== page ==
Alaska Digest

Posted: Sunday, January 21, 2007

Task force concludes its fugitive roundup

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JUNEAU - A roundup of fugitives in Southeast Alaska has concluded, federal law enforcement officials said Friday.

Eleven fugitives were rounded up around Juneau, said Marc Otte, chief deputy with the U.S. Marshal's service for the District of Alaska. Three fugitives were arrested in the Fairbanks area, one of them a man from Texas wanted on a child molestation charge.

The operation started Tuesday and ended Thursday, Otte said. The work was done by the Alaska Fugitive Task Force, a joint-agency effort run by the U.S. Marshal's Service. It contains Alaska State Troopers and specially deputized officers from the Anchorage Police Department. The task force is aided locally by the Juneau Police Department.

Otte said some criminals see Alaska, especially the southeast region, as a place to escape prosecution.

"Eleven people in a matter of days is a pretty good hit. People believe Alaska is a place where you can come and hide," Otte said. "The Fugitive Task Force is made up of enough agencies where that isn't possible."

Other than a brief scuffle where one suspect had to be forcibly handcuffed, all the arrests happened without incident.

Companies file for gas license extension

JUNEAU - ConocoPhillips and Marathon Oil want to extend their license to export Kenai liquefied natural gas for another two years, saying Cook Inlet gas reserves are sufficient to meet in-state and export demands.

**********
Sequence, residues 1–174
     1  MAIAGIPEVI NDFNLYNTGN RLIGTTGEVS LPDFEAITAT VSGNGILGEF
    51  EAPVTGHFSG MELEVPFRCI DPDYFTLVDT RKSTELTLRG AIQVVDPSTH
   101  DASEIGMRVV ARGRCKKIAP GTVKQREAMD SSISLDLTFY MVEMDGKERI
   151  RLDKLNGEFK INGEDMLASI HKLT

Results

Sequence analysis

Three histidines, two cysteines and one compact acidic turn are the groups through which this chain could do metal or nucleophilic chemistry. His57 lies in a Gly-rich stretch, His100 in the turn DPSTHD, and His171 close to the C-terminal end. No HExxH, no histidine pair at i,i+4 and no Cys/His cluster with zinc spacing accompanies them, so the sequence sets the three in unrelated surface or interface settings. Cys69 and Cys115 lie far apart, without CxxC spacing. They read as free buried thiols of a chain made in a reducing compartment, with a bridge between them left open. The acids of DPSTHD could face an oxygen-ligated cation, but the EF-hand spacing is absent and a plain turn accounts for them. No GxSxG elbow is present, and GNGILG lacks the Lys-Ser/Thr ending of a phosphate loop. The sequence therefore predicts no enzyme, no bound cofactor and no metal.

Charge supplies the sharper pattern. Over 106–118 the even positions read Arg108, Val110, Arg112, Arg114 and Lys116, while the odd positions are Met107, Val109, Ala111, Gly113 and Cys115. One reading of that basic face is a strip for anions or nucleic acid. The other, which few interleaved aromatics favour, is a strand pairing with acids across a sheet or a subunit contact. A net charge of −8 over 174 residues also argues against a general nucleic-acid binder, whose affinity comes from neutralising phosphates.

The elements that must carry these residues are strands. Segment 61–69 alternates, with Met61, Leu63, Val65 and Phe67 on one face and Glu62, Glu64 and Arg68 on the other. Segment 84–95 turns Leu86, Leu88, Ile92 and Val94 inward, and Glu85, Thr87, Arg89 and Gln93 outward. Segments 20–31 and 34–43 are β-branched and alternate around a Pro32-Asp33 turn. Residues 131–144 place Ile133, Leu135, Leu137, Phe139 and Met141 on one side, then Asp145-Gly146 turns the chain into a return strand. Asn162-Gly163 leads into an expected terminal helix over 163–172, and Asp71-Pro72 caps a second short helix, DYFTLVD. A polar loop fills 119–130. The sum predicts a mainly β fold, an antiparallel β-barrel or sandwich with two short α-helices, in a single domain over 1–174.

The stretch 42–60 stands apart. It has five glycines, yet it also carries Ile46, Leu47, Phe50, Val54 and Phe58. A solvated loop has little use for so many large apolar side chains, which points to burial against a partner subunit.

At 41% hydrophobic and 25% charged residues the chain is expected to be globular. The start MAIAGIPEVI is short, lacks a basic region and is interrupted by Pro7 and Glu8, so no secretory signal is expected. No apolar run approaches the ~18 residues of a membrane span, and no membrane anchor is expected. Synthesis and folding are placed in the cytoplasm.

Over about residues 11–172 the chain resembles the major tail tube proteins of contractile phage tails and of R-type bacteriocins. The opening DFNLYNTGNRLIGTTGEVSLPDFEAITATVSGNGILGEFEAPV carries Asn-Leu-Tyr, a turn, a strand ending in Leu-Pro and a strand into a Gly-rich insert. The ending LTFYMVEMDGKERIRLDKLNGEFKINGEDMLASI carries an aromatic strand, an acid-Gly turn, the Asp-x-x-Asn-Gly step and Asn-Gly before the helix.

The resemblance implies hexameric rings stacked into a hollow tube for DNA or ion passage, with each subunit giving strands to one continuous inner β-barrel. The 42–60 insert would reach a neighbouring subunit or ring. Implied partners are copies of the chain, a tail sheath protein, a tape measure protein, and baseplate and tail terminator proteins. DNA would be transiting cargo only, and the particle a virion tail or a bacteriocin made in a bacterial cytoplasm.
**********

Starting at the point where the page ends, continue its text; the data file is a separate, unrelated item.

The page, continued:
The application before the U.S. Department of Energy would extend the current five-year license through March 2011.

The two companies jointly own the Nikiski facility where natural gas is converted into a liquid then shipped to Japan.

Darren Jones, a vice president at ConocoPhillips, said the companies are asking for a two-year extension, instead of five, partly to ease the administrative process and partly to ease consumers' concerns about the amount of gas left in the inlet.

"Our view is, yes, there's more than enough gas, a 10 to 11 year supply of gas, and we feel confident in moving ahead," Jones said.

The company estimates gas reserves total 1.6 to 1.7 trillion cubic feet, said Jones. Just under ten percent is used every year with about half of that processed into liquid for export and the rest going to local utility companies, he said.

Rep. Mike Chenault, R-Nikiski, said the LNG facility is important to the region's economy. The plant employs 58 people, supports another 128 jobs in the Kenai and contributes about $50 million in royalties and taxes to the state and communities, according to company officials.

Groups to buy land to protect wildlife

KODIAK - The federal government will join with private foundations for a fourth time to buy Alaska Native corporation land on Afognak Island near Perenosa Bay, the Department of Interior said Friday.

The purchase, when complete, will protect public access to more than 100 miles of continuous coastline, said Deputy Secretary of the Interior Lynn Scarlett in a news conference in Washington, D.C.

The $917,000 in government money will be matched by $417,000 from the American Land Conservancy and Rocky Mountain Elk Foundation. Together, they hope to buy about 2,000 acres around Portage Lake and the Portage River. The land is owned by Natives of Kodiak Inc., the village corporation created by Native residents in Kodiak.

Tim Richardson, government affairs director for the conservancy, estimated that the money in hand now is roughly enough to buy half the area. The actual price per acre is subject to appraisal, he said.

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